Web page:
The sealed C3-16 sample behaved similarly to the sealed samples C1-16 and C1-20, with a very limited extent of plastic shrinkage observed. On the contrary, the sealed C3-20 sampled displayed the largest measured amount of strain, accompanied by the formation of a thick layer of aqueous solution at the interface. This behaviour has to be probably ascribed to poor calcined clay reactivity in the 2.0 \(\hbox {SiO}_2\)/\(\hbox {Na}_2\hbox {O}\) activating solution, characterized by a lower pH. In this case, in the absence of cohesive forces induced by the formation of a sufficient amount reaction product, particle settlement represented the driving force leading to segregation and plastic shrinkage. The lack of water evaporation hindered the development of an increased effective particle packing and the establishment of colloidal interactions, which may have favoured particle cohesiveness in unsealed conditions. The poorer reactivity of Clay C3, in the presence of the 2.0 \(\hbox {SiO}_2\)/\(\hbox {Na}_2\hbox {O}\) activating solution, as compared to Clay C1, is due to the mineralogical composition of the clay, mainly consisting of illite, which tends to be less reactive than kaolinite [4, 45]. The sealed C2 samples behave similarly to what observed for the corresponding unsealed samples for what concerns the development of a visible bleeding layer. However, contrary to what observed for the unsealed samples, in this case the extent of plastic shrinkage decreases as the \(\hbox {SiO}_2\)/\(\hbox {Na}_2\hbox {O}\) increases. A possible explanation is that when evaporation is allowed (drying regime), the net reduction of the water volume favours colloidal interactions, which was also the case of sample C3-20. Previous rheological measurements supported this hypothesis, showing that viscosities measured at different vertical positions within a given samples, in the presence of bleeding, varied, with viscosity being higher in the bottom parts of the sample where the occurrence of bleeding induced a local increase in the packing density [46]. Therefore, for sample C2 in unsealed conditions, particle interaction is favoured by evaporation and, apparently, the amount of shrinkage is mostly controlled by the degree of reactivity, with the sample reacting in the higher pH solution displaying a slightly lower amount of shrinkage. On the contrary, in the water saturated state (bleeding regime) segregation becomes the dominant factor and in this case the viscosity of the suspended liquid, which is proportional to the \(\hbox {SiO}_2\)/\(\hbox {Na}_2\hbox {O}\) ratio [47], may control the extent of particle settlement.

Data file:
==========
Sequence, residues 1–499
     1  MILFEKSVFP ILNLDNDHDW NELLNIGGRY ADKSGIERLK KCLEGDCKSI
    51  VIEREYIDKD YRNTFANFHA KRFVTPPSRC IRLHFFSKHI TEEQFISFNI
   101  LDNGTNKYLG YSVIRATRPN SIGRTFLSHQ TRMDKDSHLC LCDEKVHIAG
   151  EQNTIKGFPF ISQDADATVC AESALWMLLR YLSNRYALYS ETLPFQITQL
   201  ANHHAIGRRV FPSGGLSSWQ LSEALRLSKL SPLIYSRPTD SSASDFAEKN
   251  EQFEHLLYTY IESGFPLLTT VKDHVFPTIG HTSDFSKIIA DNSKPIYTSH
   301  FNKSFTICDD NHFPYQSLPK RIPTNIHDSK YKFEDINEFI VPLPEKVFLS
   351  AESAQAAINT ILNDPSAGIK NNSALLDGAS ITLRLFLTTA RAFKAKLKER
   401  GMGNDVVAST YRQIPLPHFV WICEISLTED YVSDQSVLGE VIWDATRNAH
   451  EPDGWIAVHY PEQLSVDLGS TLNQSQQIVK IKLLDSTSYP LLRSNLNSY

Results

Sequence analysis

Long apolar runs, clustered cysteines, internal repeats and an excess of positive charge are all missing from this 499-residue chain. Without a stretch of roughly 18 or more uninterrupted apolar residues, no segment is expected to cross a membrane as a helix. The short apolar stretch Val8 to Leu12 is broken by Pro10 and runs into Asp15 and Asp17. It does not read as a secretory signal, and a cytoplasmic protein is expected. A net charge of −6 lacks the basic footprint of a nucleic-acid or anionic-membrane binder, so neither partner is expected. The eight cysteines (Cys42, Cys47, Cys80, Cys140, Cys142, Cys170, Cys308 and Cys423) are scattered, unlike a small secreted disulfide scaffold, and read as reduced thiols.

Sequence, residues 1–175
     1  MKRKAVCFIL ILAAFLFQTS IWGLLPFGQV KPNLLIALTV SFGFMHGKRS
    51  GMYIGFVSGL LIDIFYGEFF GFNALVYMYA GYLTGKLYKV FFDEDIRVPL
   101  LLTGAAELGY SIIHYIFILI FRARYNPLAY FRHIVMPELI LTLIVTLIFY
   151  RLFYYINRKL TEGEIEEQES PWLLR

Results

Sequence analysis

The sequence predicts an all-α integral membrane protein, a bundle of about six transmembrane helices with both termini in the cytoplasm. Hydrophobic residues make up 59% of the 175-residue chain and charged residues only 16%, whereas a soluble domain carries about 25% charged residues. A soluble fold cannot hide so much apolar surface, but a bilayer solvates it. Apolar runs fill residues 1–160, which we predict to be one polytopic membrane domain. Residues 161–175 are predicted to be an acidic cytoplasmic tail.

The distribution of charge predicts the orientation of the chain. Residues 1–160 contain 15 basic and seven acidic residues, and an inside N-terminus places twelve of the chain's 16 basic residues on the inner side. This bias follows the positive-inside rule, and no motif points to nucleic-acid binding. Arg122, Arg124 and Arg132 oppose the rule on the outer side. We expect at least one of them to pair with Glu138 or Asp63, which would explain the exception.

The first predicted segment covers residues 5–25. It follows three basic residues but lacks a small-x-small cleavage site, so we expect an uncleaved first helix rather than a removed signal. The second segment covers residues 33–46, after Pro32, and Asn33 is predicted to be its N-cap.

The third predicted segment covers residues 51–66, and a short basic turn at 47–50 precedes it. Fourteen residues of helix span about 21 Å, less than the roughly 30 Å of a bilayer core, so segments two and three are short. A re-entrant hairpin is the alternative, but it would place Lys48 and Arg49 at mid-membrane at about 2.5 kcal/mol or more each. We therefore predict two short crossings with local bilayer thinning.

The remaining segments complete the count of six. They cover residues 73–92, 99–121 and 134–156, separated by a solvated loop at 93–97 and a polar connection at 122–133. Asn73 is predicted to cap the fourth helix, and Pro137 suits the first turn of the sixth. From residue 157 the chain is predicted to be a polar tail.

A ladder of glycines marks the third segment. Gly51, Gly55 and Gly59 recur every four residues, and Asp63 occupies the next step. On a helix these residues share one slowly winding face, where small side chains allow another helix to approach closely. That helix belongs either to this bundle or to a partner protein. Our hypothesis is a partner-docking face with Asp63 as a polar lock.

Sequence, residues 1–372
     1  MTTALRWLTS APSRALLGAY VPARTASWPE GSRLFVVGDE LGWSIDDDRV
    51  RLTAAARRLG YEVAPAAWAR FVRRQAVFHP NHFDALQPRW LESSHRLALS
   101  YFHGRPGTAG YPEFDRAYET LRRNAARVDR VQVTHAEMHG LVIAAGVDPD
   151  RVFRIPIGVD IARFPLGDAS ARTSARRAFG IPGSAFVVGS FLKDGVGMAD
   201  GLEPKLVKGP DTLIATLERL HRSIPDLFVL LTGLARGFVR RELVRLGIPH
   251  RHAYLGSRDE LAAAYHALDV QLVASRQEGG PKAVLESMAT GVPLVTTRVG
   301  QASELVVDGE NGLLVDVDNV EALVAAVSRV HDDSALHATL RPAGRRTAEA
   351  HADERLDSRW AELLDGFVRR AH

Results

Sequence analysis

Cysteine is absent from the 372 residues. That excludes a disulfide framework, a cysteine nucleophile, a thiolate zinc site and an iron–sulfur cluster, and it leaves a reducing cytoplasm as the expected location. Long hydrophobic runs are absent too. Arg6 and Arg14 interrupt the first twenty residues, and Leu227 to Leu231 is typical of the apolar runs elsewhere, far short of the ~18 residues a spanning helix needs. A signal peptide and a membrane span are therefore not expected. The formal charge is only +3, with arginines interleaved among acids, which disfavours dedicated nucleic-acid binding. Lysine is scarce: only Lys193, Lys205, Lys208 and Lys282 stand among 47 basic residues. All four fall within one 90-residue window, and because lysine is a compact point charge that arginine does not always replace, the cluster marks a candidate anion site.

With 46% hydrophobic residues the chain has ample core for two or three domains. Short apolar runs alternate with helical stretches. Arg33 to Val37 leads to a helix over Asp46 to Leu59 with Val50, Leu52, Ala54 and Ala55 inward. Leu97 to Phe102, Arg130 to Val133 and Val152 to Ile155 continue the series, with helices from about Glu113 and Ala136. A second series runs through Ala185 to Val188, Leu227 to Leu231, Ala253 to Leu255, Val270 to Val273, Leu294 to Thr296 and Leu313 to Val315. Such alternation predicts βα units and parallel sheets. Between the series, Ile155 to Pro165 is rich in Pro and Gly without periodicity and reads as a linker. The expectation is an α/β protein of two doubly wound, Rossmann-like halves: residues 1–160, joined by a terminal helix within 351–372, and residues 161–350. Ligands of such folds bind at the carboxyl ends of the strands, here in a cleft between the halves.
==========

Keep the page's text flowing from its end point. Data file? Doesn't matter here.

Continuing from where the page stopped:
Conclusions

We have presented a time-lapse X-ray imaging method for the study of shrinkage occurring in the early stage of cement reaction, prior to setting. Strain can be measured in real time, with micrometre spatial resolution. Compared to other methods, this approach has the advantage of providing real images of the displacing sample interface, by which the quantitative evaluation of strain can be complemented by a visual inspection, with excellent precision.

The relatively large water requirement needed for alkali-activated calcined clays to achieve adequate workability may potentially expose these binders to plastic shrinkage and early cracking, particularly for those mixes characterized by slow early reactivity, which results in a limited extent of paste cohesiveness. By implementing the measuring method illustrated in this study to a set of different alkali-activated clay mixes, it is suggested that the main mechanisms that may induce plastic shrinkage are: (a) capillary stresses arising when the rate of evaporation is faster than the bleeding rate (drying regime) and (b) particle settlement, enhanced in the water saturated regime. These results may have implications for the adoption of specific curing conditions, when producing alkali-activated calcined clays, aimed at minimizing the occurrence of plastic shrinkage and possible cracking. For instance, as observed in this study, curing in sealed conditions may minimize plastic shrinkage of the most reactive systems and maximize that of the less reactive ones.

It has been observed that differences in clay mineralogy may result in significantly different behaviours in terms of plastic shrinkage, which in general appears to be controlled by the interplay of early age reactivity, amount of water and viscosity of the suspending solution. It is therefore recommended that, for specific case studies, this approach is integrated with additional measurements aimed at providing a comprehensive view of the early age behaviour of the studied system. Given the importance of colloidal interaction in controlling early dimensional stability, rheological measurements may provide complementary information to underpin the envisaged mechanisms of shrinkage in the fresh state [48, 46].

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Acknowledgements

Chedlia Ounissi (University of Gabès) is acknowledged for kindly providing the Tunisian clays.

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Valentini, L., Mascarin, L. Assessing the dimensional stability of alkali-activated calcined clays in the fresh state: a time-lapse X-ray imaging approach. Mater Struct 54, 35 (2021). https://doi.org/10.1617/s11527-021-01623-y

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Keywords

  • Plastic shrinkage
  • Calcined clays
  • Dimensional stability
  • Alkali activation
  • X-ray imaging